Posts Tagged ‘Oracle’

R Wins?

Robert A. Muenchen at the University of Tennessee wrote a blog entry entitled “Will 2015 be the Beginning of the End for SAS and SPSS?.”   In it, he projects that R will overtake SAS and SPSS as the tool of choice by analysts in 2015 based on it’s popularity with professors and college students.  It is a rational argument.

Based on my experience working around Silicon Valley, I would posit that R is the tool of choice for startups who are often staffed by recent college students and their professors.

However, I also have one foot in the enterprise IT world where SAS and SPSS are well entrenched.  There is so much corporate investment in these products that it will be costly to replace them.  That isn’t to say that the IT buyer won’t be considering alternatives when their annual renewals hit the budget.

But – there will be other considerations besides costs.   SAS and SPSS are both surrounded by software environments for the entire data lifecyle.  SAS, for example, is attempting to expand it’s footprint in the enterprise, with new visualization software, in memory and grid computing that act as datamarts, and new software for the extraction, transformation, and loading of data.  Like IBM, SAS wants to offer an entire analysis ecosystem making it more attractive to the enterprise IT shop.  The open source ecosystem for R is not that mature.  If it was easy for open source to penetrate the enterprise, wouldn’t MySQL (the open source relational database) be the corporate standard?

However, a large company like Oracle could be the point of integration for all things R, with price points that are attractive – similar to what they are doing with MySQL.  That would give R the tailwind from the academic community and coporate respectability.

In the meantime, it will likely be a case of using the best tool for the job/budget.  To quote a commenter (sorry I don’t remember where I saw your comment):

“I learned R to graduate, SPSS to get a job, and SAS to make a living”

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The Next Big Thing – SQL And Hadoop And NoSQL and NewSQL?

In the last post we talked a little about the different approaches taken by traditional database vendors, primarily the relational database vendors, and the proponents of new Hadoop and NoSQL data stores.   What does this mean for you?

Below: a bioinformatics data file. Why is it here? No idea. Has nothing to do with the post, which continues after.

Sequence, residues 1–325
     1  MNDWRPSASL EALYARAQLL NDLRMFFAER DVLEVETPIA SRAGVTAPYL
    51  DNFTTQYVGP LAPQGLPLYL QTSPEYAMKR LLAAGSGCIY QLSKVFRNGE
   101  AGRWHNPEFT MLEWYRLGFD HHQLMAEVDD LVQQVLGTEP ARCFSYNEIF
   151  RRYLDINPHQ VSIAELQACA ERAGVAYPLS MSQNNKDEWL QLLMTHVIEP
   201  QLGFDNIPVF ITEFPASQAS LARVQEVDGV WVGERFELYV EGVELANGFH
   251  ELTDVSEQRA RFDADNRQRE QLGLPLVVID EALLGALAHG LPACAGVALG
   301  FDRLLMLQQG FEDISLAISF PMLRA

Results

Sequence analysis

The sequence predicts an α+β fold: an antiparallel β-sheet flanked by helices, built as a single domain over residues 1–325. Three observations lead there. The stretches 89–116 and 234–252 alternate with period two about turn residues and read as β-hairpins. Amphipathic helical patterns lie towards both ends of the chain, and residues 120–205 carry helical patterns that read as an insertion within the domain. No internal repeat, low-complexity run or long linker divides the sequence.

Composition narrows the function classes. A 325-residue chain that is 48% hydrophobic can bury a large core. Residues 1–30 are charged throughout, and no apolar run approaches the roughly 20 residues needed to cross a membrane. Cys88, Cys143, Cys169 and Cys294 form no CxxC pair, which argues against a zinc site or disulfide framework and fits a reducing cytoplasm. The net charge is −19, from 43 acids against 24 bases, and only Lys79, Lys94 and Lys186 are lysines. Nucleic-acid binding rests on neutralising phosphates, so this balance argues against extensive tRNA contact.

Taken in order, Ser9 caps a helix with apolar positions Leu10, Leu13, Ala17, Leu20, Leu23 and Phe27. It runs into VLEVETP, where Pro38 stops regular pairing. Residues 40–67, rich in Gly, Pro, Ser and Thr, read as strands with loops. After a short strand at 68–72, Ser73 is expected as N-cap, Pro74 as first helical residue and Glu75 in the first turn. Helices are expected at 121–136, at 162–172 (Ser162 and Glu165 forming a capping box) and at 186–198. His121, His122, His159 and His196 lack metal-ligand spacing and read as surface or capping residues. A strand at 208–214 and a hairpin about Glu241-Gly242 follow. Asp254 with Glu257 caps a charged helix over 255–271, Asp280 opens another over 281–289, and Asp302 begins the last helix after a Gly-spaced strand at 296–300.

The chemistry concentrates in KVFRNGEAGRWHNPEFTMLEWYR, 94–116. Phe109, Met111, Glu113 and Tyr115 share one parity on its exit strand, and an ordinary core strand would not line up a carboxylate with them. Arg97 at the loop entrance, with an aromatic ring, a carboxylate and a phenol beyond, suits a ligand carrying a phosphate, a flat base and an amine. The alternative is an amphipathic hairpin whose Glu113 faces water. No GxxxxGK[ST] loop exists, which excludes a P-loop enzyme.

On the one hand, your IT infrastructure has a mature robust capability for the care and feeding of table driven (primarily relational) databases.  Relational databases are NOT going away.  (Oracle alone reported selling $4.49 billion in database and middleware licenses, updates, and support last quarter).  BUT, relational databases may not be a fit for “big data” environments where storage capacity, retrieval speed, and low cost are the primary requirements.  It is hard to compete with the perception of “free” –  Hadoop and many of the NoSQL alternatives are based on “free” open source software.   The vendors of these products sell enhanced versions, supported versions, and services related to the installation and support of those data stores.  Because of this, the Hadoop and NoSQL markets are relatively small (estimated at $77 million in 2011 by IDC) .

The relational market is evolving to handle larger volumes of data.   Teradata pioneered the concept of replacing the file structure underlying the relational tables with a distributed file structure within a server chasis using specialized hardware.   Companies like EMC with their Greenplum database have figured out how to distribute relational data across lots of commodity servers.   Most of the big relational database companies are finding ways to incorporate Hadoop into their offerings so that an analyst can use their existing tools to combine data from the table environment with unstructured.  They want you to keep buying database licenses.

The most likely scenario for most enterprises is that Hadoop and NoSQL will be used to store and stage data for analysis, similar to the way that today’s data warehouse is used to store and combine data for data marts where analysis takes place at a department level.  It’s the Operational Data Store in the table below.

Operational Data Store

Enterprise DataWarehouse


Data Quality and Transformation,

Business Intelligence and Analytics Where Detailed Historical Data Required

Business Intelligence And Analytics For Enterprise Needs

Business Intelligence and Analytics For Departmental and Line of Business Needs




Hadoop and NoSQL


Relational/Cubes/Specialized Data Structures

Basically we are building a data refinery to handle all new volumes and varieties of input.   It is an incremental cost to your organization, and will have to be justified for the business.

We will also see hybrid combinations of the best of both the relational and NoSQL models sometimes referred to as NewSQL, for example NuoDB.  The approach used by NuoDB of combining the best of relational and NoSQL is getting endorsements from the likes of Gary Morgenthaler (a co-founder of Ingres and Illustra) and Mitchell Kertzman (the former CEO of Sybase).

In the end, business needs should drive the analysis to be performed, and the needs of the analysis to be performed should drive the information technology required to store and process the data.   Don’t’ get caught up in the hype around “The Next Big Thing.”